If you’ve been wary when fall-grazing alfalfa because of the risk of nitrate poisoning, you’ve been right to be careful, but for all the wrong reasons. Because alfalfa is a perennial legume, nitrogen is fixed and stored in the nodules of its root system and doesn’t actually accumulate in the tissues (something that can be concerning in annual crops — hence the push to swath before frost).
A genuine concern for fall grazing of alfalfa, however, is the increased risk of bloat. A killing frost results in ruptured cell walls in the plant, meaning gas is more readily released and bloat is more likely. If you intend to graze following temperatures of -5 degrees C or lower, it’s actually best to wait for plant dry-down to occur before turning animals out.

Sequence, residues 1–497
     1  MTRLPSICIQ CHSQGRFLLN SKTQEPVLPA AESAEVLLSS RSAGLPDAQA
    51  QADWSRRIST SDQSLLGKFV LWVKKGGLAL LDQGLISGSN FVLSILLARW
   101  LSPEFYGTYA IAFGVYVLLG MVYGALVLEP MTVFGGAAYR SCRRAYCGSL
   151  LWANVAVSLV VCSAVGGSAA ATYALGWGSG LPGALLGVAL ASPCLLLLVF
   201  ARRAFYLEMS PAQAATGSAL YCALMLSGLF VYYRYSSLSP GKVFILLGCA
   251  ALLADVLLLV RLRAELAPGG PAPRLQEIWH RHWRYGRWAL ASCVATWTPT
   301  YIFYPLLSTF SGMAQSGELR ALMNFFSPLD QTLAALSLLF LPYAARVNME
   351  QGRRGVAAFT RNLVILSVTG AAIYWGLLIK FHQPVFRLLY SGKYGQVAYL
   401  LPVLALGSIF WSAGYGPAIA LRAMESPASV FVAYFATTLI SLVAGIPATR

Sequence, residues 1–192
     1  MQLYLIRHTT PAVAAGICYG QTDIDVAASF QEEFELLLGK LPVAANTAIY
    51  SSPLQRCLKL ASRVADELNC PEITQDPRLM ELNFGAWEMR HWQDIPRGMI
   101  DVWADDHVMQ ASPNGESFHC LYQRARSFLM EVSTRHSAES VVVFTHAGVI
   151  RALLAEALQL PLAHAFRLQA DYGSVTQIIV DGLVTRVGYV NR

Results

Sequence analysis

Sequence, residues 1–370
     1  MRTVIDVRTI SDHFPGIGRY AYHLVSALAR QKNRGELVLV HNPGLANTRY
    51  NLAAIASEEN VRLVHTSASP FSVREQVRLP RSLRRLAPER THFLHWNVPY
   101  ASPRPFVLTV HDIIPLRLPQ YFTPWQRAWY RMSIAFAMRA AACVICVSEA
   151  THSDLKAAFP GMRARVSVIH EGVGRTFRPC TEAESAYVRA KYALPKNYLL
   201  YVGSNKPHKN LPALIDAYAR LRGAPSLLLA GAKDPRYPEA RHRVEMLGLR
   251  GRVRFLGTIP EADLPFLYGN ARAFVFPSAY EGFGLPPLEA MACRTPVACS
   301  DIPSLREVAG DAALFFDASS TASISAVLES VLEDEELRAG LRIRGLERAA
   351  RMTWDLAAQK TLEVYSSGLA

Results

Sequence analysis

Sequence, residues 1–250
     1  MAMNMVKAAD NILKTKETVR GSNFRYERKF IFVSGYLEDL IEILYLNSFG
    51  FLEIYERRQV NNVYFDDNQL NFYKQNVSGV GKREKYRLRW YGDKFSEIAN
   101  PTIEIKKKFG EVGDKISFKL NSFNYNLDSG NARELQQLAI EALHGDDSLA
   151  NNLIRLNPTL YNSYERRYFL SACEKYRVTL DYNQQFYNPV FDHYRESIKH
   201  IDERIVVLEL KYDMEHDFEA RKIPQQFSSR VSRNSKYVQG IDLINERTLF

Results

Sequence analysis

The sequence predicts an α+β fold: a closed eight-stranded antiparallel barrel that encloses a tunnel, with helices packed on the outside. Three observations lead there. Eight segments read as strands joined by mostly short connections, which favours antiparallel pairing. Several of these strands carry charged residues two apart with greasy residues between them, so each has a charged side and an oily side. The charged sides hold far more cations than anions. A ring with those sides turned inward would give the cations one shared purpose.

In this video, Sarah Sommerfeld, regional forage specialist with the Saskatchewan Ministry of Agriculture, provides some tactics for producers to mitigate the risk of bloat when fall grazing alfalfa stands.
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